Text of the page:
In the Declaration of Independence, the pursuit of happiness is a right that each American is entitled to, no matter who they are2. So what exactly makes Americans happy? Through these things, Americans can reach the goal of being good. The biggest factor in what makes an American happy is their health2. Unhealthy people are about 8.25 percent more unhappy than healthy people, who are 20 percent happier than average2. The next factor that influences happiness in America is marriage2. Those who are married are 10 percent happier than those who are not married2. Personal income also plays a small role, with those earning within the highest income bracket in the country reporting to be about 3.5 percent happier than average2. Some students at Ursuline Academy, one being Kara Austin, reported that “money, power, and glory” makes them the happiest. According to multiple statistics, Americans try to reach their ultimate good through health, marriage, and personal income2.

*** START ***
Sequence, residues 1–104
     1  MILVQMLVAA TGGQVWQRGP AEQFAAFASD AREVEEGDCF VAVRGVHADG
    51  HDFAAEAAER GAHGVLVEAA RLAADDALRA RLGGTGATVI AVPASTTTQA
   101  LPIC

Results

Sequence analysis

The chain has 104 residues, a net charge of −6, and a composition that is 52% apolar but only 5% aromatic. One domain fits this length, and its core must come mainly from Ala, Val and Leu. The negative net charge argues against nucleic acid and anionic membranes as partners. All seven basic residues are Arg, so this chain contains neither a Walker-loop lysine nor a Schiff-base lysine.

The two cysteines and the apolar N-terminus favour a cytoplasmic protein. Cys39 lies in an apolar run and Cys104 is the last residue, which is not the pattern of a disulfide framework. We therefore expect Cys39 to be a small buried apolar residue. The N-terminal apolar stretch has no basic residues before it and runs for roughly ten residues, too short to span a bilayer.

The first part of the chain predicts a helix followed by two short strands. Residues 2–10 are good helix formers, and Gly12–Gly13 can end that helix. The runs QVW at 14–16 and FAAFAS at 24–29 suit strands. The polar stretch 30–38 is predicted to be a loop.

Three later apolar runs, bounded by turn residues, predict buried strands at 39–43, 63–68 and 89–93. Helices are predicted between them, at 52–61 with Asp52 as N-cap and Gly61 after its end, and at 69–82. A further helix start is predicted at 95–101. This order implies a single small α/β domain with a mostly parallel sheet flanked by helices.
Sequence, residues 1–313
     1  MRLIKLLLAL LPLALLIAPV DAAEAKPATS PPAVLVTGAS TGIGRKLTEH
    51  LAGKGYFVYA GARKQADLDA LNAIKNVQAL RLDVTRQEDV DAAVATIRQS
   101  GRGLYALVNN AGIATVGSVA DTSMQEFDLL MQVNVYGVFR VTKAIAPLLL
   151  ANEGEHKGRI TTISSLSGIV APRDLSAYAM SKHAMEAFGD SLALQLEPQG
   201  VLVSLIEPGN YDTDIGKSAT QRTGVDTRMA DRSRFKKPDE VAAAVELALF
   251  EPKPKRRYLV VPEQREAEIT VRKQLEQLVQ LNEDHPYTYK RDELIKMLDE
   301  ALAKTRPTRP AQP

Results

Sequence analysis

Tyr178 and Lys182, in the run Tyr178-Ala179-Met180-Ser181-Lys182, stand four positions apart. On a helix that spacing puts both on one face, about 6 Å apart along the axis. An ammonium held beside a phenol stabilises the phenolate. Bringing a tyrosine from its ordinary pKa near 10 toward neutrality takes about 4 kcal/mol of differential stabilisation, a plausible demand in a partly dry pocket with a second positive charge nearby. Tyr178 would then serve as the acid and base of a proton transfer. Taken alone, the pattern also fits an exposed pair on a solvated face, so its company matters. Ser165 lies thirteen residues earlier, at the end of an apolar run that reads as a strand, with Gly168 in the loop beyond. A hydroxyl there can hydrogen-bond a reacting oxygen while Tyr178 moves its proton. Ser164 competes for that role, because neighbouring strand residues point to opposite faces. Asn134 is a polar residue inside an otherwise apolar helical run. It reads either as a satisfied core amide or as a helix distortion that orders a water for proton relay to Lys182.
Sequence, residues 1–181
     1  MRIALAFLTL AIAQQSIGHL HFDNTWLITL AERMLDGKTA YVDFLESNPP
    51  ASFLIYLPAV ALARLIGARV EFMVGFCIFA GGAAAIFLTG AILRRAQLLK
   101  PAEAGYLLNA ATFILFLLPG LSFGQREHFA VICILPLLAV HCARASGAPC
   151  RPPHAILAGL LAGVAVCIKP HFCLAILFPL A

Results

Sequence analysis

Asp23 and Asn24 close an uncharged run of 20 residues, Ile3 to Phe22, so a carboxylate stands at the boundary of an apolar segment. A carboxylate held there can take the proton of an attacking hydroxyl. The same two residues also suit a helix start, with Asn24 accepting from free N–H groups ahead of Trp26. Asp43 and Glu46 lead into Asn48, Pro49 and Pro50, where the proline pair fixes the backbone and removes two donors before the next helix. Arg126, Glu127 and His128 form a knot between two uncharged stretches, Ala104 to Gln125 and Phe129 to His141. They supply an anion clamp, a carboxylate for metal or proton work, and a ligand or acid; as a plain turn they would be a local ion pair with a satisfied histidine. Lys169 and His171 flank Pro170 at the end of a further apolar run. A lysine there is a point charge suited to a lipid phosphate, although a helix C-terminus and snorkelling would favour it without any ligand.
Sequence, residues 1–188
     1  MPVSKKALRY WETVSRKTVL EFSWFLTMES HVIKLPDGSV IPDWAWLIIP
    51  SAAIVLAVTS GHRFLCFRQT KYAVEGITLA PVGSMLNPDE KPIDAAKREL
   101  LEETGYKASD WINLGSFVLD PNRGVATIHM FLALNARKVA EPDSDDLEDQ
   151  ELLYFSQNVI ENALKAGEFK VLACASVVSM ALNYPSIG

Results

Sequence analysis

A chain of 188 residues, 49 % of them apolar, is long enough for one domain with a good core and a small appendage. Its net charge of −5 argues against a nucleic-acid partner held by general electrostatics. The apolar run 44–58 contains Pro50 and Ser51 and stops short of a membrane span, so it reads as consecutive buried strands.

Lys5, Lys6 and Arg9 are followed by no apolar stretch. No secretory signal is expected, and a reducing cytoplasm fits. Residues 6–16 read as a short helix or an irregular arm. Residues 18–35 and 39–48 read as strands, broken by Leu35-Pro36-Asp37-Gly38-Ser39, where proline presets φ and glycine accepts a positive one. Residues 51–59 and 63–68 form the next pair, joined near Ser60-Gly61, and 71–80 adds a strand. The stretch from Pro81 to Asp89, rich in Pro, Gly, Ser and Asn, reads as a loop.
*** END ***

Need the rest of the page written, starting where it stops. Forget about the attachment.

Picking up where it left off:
Although Americans consider health, marriage, and income things that help themselves reach their ultimate good, there are citizens in Burundi who are unhappier because of some of the same reasons3. Burundi is a small, landlocked country in sub-Saharan Africa4. Burundi has a total population of about 10.3 million people as well. Burundi’s economy is extremely poor, with a GDP of 770 dollars. The life expectancy in Burundi is also extremely low. Men live on average for about 54 years, and women live on average for about 58 years. According to the World Happiness Report, Burundi was reported to be the least happiest country in the world. The report measures happiness according to social support, years of life expectancy in good health, freedom to make life decisions, perceptions of corruption in government and business, generosity marked by resident’s charitable donations, and per capita gross domestic product. Although these standards are different than the standards in America, Burundi comes in last on the happiness scale. The President of Burundi, Pierre Nkurunziza announced in 2015 that he would seek a third term, despite the country’s constitution. The announcement of his decision has created even more unhappiness, which has led to the deaths of 400 people and at least 230,000 refugees fled the country. In 1962, Burundi gained independence, but it has been plagued by tension between the Hutu majority and the dominant Tutsi minority. The 12 year, ethnic-based civil war has majorly hurt Burundi. The media in Burundi is also self-censored and government censorship occasionally. The president also approved a new media law which forbids reporting on news that could “undermine national security, public order of the economy.” Burundi is an unhappy country because of their economy, their government, and political unrest.4